What is the definition of Bowlegs?

Bowlegs is a condition in which the knees stay wide apart when a person stands with the feet and ankles together. It is considered normal in children under 18 months.

What are the alternative names for Bowlegs?

Genu varum

What are the causes for Bowlegs?

Infants are born bowlegged because of their folded position in the mother's womb. Bowed legs begin to straighten once the child starts to walk and the legs begin to bear weight (about 12 to 18 months old).

By around age 3, the child can most often stand with the ankles apart and the knees just touching. If the bowed legs are still present, the child is called bowlegged.

Bowlegs may be caused by illnesses, such as:

  • Abnormal bone development
  • Blount disease
  • Fractures that do not heal correctly
  • Lead or fluoride poisoning
  • Rickets, which is caused by a lack of vitamin D

What are the symptoms for Bowlegs?

Symptoms may include:

  • Knees that do not touch when standing with feet together (ankles touching)
  • Bowing of legs is same on both sides of the body (symmetrical)
  • Bowed legs continue beyond age 3

What are the current treatments for Bowlegs?

No treatment is recommended for bowlegs unless the condition is extreme. The child should be seen by the provider at least every 6 months.

Special shoes, braces, or casts can be tried if the condition is severe or the child also has another disease. It is unclear how well these work.

At times, surgery is done to correct the deformity in an adolescent with severe bowlegs.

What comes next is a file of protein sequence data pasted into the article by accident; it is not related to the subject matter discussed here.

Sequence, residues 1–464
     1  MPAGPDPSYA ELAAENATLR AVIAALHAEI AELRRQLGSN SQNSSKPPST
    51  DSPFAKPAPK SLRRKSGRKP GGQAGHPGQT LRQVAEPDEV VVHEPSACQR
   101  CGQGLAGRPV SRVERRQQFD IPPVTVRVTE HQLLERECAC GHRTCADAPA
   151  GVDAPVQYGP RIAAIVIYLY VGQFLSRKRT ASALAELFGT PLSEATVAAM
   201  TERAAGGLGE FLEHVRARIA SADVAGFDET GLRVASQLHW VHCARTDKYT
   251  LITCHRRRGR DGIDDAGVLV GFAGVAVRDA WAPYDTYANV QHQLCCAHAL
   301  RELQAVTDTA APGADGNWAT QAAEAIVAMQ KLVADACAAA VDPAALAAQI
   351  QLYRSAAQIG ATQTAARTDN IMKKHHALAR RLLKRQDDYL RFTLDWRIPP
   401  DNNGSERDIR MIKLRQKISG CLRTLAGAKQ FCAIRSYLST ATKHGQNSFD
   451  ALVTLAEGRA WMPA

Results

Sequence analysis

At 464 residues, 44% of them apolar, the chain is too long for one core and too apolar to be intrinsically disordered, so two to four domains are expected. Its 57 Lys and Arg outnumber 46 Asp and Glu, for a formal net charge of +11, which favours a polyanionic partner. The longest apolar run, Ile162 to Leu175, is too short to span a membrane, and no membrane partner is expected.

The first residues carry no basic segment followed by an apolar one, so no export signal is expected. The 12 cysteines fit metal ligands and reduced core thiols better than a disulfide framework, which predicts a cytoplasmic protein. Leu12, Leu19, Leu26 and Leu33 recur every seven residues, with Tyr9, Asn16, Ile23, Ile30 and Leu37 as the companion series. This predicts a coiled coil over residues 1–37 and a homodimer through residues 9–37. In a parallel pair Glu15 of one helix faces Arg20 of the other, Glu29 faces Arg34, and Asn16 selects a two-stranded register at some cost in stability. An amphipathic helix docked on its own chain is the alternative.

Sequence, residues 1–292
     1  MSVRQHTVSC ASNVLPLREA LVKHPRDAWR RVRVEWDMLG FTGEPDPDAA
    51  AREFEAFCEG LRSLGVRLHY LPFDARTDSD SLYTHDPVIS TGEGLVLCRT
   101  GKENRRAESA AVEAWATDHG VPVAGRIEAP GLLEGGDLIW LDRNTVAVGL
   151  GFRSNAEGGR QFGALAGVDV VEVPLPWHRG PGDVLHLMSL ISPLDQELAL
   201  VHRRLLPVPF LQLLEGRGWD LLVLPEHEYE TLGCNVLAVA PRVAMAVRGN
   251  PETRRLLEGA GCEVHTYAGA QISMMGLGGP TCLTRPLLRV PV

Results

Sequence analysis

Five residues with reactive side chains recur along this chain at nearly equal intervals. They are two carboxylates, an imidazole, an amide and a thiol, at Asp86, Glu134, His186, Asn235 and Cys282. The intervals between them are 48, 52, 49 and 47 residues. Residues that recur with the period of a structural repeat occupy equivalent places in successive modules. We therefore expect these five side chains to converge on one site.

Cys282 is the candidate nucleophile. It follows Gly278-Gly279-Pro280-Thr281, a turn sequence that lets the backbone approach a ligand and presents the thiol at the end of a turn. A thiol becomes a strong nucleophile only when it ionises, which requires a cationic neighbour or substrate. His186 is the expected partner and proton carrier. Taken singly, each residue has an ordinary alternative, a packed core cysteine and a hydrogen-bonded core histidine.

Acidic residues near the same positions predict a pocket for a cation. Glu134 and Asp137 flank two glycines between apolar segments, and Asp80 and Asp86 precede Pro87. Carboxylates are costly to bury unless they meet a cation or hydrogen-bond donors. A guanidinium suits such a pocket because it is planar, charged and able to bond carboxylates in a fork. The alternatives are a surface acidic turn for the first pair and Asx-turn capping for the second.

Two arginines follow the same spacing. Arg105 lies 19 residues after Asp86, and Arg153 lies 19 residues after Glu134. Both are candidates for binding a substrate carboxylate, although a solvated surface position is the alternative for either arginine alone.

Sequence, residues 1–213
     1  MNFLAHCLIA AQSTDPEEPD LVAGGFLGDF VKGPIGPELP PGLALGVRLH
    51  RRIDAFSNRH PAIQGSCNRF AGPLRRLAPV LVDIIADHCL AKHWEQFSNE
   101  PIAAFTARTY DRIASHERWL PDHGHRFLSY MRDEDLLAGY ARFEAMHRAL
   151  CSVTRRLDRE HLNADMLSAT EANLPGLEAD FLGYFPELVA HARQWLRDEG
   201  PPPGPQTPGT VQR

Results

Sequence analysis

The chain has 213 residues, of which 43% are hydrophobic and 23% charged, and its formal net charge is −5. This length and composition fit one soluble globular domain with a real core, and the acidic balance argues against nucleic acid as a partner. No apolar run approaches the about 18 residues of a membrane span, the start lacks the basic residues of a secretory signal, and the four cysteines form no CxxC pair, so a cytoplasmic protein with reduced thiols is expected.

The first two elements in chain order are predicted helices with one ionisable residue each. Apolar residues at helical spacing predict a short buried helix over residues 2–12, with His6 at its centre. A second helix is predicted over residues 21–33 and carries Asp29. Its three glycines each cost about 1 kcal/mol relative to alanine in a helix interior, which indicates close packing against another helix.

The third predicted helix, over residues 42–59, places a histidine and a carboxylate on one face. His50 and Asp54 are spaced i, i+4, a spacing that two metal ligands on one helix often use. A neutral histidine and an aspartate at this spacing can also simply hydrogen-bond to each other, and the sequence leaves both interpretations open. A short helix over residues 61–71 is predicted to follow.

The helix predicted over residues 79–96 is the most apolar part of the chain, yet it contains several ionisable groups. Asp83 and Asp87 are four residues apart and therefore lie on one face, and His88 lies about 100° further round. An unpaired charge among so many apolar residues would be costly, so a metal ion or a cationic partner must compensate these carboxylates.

What is the outlook (prognosis) for Bowlegs?

In many cases the outcome is good, and there is most often no problem walking.

What are the possible complications for Bowlegs?

Bowlegs that does not go away and is not treated may lead to arthritis in the knees or hips over time.

When should I contact a medical professional for Bowlegs?

Call your provider if your child shows ongoing or worsening bowed legs after age 3.

How do I prevent Bowlegs?

There is no known way to prevent bowlegs, other than to avoid rickets. Make sure your child is exposed to sunlight and gets the proper amount of vitamin D in their diet.

REFERENCES

Sheffer BW. Osteochondrosis or ephiphysitis and other miscellaneous affections. In: Azar FM, Beaty JH, eds. Campbell's Operative Orthopaedics. 14th ed. Philadelphia, PA: Elsevier; 2021:chap 32.

Winell JJ, Baldwin KD, Wells L. Torsional and angular deformities of the limb. In: Kliegman RM, St. Geme JW, Blum NJ, Shah SS, Tasker RC, Wilson KM, eds. Nelson Textbook of Pediatrics. 21st ed. Philadelphia, PA: Elsevier; 2020:chap 695.

  • Journal: Zhonghua yi xue yi chuan xue za zhi = Zhonghua yixue yichuanxue zazhi = Chinese journal of medical genetics
  • Published —
Frontometaphyseal dysplasia 1 caused by variant of FLNA gene in a case.

There are no recent clinical trials available for this condition. Please check back because new trials are being conducted frequently.